THE BLOG

Parental Preconceptions Hamper Apprenticeship Aspirations

07/08/2013 15:06 BST | Updated 07/10/2013 10:12 BST

Every year in August we like to bang the drum to let young people and their parents know that, once they've torn open their envelopes and seen their A Level results, Higher Education is not the only choice.

We talk about the other options because we think it's important that school leavers and their parents know that there are other well respected and sought after routes into professional jobs. For example, in the finance and accountancy sector, we have a strong record of offering an alternative route into the profession welcoming school leavers with the right attributes to train in the workplace as apprentices.

Now more than ever it's really important that other sectors of the economy open up their recruitment policies because we have a problem and that problem is growing. The OECD report (that came out last month) really hit home highlighting that there are more than one million under-24s in the UK who are out of work - not studying and not in training.

These findings give us a strong motive to make changes and improve options for young people. Germany which unlike the rest of Europe has an exceptionally low youth unemployment figure of 7.5% is showing the way. It has a dual education system which is continually praised because it works. Young people stay in training and education and then enter the job market ready for work and properly skilled enhancing the economy.

This year, we conducted research with 1,000 parents to gain a firmer understanding of what they knew and understood by the term 'apprenticeship'. The results surprised us. Almost two thirds (63 per cent) of parents said they lack understanding and couldn't explain apprenticeships to their child. And furthermore 81 per cent of parents were unaware that a Higher Apprenticeship is equivalent to a university-level qualification.

If we're serious about improving social mobility then we really need to do more to promote, educate and encourage our young people and their parents. This is especially so because we know that parents are some of the biggest influencers when it comes to their child's future.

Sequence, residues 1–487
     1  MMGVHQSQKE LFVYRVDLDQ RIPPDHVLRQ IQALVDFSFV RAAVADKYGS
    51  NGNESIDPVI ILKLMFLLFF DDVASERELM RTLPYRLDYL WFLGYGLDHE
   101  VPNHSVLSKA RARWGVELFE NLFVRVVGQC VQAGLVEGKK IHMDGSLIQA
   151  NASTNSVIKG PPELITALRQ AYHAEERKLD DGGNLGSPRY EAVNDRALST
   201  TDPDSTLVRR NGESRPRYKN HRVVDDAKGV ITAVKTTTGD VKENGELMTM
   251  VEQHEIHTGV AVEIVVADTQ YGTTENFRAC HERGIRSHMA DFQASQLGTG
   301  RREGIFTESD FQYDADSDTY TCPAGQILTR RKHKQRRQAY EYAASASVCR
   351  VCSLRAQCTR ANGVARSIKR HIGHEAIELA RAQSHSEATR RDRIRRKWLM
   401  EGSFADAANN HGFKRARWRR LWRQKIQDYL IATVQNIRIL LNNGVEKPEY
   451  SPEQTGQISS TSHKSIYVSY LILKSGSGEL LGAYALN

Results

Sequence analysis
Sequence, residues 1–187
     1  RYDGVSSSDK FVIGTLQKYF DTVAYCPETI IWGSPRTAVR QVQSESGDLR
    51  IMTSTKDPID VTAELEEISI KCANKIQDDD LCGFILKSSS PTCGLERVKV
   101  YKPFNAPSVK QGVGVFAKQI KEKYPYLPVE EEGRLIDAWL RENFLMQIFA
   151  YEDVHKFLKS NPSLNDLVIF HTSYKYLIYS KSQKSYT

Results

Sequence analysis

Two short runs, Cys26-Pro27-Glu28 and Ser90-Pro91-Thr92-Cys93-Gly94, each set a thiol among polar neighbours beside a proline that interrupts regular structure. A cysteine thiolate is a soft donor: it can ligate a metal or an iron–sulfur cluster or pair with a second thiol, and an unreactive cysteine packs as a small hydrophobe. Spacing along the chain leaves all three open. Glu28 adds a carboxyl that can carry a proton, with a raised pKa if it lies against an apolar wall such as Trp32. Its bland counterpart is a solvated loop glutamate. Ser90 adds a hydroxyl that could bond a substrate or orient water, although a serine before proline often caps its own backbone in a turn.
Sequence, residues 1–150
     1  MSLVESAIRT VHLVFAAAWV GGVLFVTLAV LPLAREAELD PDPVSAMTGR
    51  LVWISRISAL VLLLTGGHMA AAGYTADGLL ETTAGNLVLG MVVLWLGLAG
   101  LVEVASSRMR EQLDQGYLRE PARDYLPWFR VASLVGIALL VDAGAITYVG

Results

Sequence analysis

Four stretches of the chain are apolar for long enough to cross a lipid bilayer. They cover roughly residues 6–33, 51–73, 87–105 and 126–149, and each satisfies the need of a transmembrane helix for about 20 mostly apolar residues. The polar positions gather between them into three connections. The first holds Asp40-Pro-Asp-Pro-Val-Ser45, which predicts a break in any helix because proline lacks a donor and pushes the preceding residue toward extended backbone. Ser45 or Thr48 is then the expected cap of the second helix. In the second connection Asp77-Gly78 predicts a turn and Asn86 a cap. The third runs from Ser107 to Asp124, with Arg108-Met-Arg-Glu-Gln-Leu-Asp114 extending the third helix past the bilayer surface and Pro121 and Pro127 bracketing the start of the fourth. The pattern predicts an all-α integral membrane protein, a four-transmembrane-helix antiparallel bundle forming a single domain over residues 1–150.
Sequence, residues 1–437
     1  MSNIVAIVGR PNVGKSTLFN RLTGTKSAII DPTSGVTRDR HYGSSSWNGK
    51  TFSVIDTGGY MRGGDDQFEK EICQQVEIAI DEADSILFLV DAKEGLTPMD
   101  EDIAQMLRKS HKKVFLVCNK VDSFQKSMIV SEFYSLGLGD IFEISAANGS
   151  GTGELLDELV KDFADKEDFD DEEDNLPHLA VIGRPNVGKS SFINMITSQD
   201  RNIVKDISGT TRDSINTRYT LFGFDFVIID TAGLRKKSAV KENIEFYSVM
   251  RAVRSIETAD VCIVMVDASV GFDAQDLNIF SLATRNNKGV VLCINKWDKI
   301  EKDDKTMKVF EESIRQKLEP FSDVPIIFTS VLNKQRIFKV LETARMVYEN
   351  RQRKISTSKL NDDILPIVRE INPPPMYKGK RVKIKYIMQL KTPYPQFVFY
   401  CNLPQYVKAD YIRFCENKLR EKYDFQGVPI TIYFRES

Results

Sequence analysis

Higher Apprenticeships were specifically designed to meet employers' needs with the Government recognising in The Plan for Growth how high quality skills-based training can support the economy. The decision to expand Higher Apprenticeship places was made to improve skills available to businesses whilst widening opportunities for employment and progression.

Yet still we struggle to promote and praise these pathways effectively. They don't get the recognition they deserve.

We've seen the apprenticeship model work wonders for business and people. Big employers like Rolls Royce and BAE have had major success with their apprentices - employing hundreds if not thousands of young people and training them on the job, giving them real careers.

Our research further highlighted that outdated views are still prevalent with nearly half of parents (48 per cent) thinking that apprenticeships are geared more towards boys than girls and almost a third (32 per cent) thinking they are for less academically able young people.

This is certainly not the case. Many apprenticeship programmes require good school results and for some higher apprenticeships opportunities that means five A*-C grades at GCSE at the very least. Also, apprenticeship opportunities combine work and study which means apprentices have to be dedicated if they wish to succeed as it's certainly not easy to do both.

Apprenticeships are being overlooked because parents' knowledge is incomplete and based on archaic stereotypes. While parents recognise the imperative value of workplace experience, the research clearly indicated they don't know that Higher Apprenticeships are a high quality way of gaining that vital experience.

There is clearly some work to be done in this area to increase understanding and create a more complete and holistic approach to career guidance and education not only in schools, but in the family home. Alternative options for young people will only become sought after when we change perceptions and this has to start with parents.